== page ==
As 2015 came to a close, I realized that while I wouldn’t call it the best year, it was full of challenges and events which have helped form me into a stronger (albeit slightly wider) person. As an active Oregonian, it was most difficult for me to hang up my snowboard for the season as well as my road bike in order to make way for bodily healing. I’m happy to report that I am on the mend and look forward to sharing more outdoor adventures with you in 2016, but 2015 was absolutely the year of much cooking and a few outdoor memories. Sometimes life throws you a curve ball, and while I didn’t accomplish all my wishes during 2015, I made many other memories that wouldn’t have been possible if life happened the way I planned.
Below is a compilation of the best of the best:
Mushroom ravioli with roasted butternut squash, hazelnuts and spinach in a cream sauce
Hiking up to Cairin Basin (Mt. Hood, OR)
Crazy awesome oyster shooters and beer flights at Fort George Brewery (Astoria, OR)
A brilliant way to spent 4th of July: Cascade Head (Lincoln City, OR)
Mt. Tamalpais view from Larkspur, CA
A most amazing autumn view of Mt. Hood (Lost Lake, OR)
The best damn olive tapenade e-v-e-r
Mt. Hood’s profile from Maryhill Winery (Columbia River Gorge, WA side)
First pop up jewelry show for Mother’s Day!
Dahlia Festival (Canby, OR)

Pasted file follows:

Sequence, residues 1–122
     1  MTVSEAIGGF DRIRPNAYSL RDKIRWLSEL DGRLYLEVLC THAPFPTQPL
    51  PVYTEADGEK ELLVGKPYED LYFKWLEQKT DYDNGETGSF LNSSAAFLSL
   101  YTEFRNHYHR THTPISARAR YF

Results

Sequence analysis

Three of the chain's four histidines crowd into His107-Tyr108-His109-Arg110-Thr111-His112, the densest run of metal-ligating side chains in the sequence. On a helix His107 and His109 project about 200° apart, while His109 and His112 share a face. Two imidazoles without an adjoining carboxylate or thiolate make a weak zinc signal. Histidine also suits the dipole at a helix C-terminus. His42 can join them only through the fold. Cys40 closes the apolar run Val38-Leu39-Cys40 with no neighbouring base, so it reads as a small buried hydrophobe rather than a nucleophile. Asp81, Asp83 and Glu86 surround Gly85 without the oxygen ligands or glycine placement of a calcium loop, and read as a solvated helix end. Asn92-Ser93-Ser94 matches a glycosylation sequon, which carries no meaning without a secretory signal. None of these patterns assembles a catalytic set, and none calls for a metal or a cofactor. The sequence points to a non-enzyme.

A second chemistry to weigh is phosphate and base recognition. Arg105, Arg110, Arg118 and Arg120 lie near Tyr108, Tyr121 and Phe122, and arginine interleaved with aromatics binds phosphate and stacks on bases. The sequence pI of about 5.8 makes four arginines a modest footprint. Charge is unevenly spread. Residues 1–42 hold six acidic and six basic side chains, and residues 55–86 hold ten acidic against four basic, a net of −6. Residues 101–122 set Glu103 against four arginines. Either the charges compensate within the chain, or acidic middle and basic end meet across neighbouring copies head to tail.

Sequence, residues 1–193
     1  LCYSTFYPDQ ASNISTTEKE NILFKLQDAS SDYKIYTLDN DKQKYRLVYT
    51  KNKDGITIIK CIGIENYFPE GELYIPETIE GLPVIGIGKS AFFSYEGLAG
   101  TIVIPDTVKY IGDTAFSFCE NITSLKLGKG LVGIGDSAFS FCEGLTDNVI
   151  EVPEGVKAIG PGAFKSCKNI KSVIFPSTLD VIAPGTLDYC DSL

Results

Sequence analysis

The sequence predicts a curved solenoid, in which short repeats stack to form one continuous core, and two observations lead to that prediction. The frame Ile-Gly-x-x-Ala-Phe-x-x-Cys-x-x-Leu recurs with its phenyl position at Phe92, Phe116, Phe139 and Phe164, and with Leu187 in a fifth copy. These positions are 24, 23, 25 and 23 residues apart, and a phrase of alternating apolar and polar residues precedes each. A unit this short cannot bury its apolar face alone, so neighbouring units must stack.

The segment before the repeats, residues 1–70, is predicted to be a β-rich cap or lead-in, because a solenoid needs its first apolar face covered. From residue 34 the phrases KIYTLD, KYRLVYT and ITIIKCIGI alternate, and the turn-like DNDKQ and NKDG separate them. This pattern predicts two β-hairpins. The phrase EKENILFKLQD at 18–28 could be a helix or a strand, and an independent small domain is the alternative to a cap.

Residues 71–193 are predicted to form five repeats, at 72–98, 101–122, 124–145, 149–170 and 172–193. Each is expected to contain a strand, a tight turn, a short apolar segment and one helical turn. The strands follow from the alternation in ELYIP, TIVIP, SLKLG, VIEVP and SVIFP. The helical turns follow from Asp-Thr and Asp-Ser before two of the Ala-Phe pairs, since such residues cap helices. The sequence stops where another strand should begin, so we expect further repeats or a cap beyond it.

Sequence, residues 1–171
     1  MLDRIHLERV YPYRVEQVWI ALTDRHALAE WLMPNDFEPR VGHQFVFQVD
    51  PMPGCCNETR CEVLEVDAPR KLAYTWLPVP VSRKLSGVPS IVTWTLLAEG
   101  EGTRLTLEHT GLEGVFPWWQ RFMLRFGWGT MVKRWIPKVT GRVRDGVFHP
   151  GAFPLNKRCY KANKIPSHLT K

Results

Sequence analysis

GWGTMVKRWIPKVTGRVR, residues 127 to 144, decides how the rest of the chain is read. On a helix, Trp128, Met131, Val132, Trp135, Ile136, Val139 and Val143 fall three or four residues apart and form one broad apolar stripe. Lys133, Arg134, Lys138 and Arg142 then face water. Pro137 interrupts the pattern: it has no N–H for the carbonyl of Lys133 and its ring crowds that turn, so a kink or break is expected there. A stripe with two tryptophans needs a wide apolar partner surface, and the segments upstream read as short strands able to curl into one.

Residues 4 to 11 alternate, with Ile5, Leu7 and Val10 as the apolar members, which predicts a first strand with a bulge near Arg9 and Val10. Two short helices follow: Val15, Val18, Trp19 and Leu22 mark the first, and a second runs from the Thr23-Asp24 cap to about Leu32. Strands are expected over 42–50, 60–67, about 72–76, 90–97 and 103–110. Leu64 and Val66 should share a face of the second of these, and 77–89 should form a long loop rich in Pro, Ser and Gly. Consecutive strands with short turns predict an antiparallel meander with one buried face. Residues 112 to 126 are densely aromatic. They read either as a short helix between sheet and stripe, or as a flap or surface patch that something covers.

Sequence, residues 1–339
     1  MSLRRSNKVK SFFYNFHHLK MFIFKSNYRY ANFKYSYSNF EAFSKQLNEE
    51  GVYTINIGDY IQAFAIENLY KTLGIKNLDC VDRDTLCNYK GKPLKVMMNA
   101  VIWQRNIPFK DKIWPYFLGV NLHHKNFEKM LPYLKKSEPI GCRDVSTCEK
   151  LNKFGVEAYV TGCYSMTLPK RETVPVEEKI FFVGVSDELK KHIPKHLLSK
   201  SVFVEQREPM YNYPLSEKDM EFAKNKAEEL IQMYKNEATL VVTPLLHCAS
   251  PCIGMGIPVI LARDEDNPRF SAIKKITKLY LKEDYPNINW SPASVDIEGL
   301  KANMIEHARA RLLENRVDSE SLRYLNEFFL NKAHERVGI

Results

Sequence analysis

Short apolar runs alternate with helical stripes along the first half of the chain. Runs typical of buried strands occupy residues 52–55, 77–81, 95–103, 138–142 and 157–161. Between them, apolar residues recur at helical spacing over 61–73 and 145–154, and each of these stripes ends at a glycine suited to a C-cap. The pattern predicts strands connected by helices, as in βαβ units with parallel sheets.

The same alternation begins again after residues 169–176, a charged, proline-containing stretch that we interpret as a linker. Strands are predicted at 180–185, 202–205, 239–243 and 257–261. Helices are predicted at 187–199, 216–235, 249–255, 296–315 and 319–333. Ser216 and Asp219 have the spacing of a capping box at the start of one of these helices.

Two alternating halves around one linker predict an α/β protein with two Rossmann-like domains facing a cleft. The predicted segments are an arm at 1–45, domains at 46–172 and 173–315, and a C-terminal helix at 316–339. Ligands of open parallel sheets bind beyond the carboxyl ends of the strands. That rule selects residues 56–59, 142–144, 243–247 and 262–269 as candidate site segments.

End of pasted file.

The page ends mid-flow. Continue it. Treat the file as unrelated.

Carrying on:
Sadly, my family bid adieu to our beloved Aussie-Border Collie mix, Delilah. You will be greatly missed, Miss D.
Columbia River Gorge view while hiking to Ponytail Falls
First stab at zucchini noodles was a resounding success
New Year’s Day frozen waterfall hiking at Triple Falls (Columbia River Gorge)
Zucchini “tortilla” and breakfast burrito
Avalanche tulips blanketed the way to Cairin Basin (Mt. Hood, OR)
Ground beef and veggie zucchini boat
Coconut shrimp with grilled apricots and peanut coconut jalapeno drizzle
About to descend into the Ape Caves lava tubes (Mt. St. Helens, WA)
Waterfalls at Hug Point (Canon Beach, OR)
Veggie Burger (would have been vegan, but I had to add cheese)
Common sense seems like a typical response to how to behave on the trail, but you’d be surprised how many have no clue. My friends over at Modern Hiker kindly put together a few tips that everyone should consider while adventuring outdoors.
(Read the full article on REI’s blog. Bullet points below are quoted from the article.)
Hikers vs. Hikers
Hikers going uphill have the right of way. This is because hikers heading up an incline often have a smaller field of vision and may also be in that “hiking rhythm” zone and not in the mood to break their pace.
If you’re about to pass another hiker from behind, announce your presence, even with a simple “hello”.
When passing, always stay on the trail to reduce erosion.
In group hiking, always hike single-file, never taking up more than half the trail space, and stay on the trail itself. Over time, those off-trail boot prints can badly erode switchbacks and destroy drainage diversions.
When a group meets a single hiker, it’s preferable for the single hiker to yield and step safely to the side.
Hikers vs. Bikers
Bikers are generally expected to yield to hikers on the trail, though it’s usually easier for hikers to yield the right of way—especially if a mountain biker is huffing and puffing up a tough incline.
Bikers should never expect a hiker to yield.
Bikers should call out as they come down steep slopes or blind switchbacks, and should also let hikers know if there are other bikers following them.
Hikers should also be aware of their surroundings on shared trails, particularly with mountain bikes quickly coming around any bend.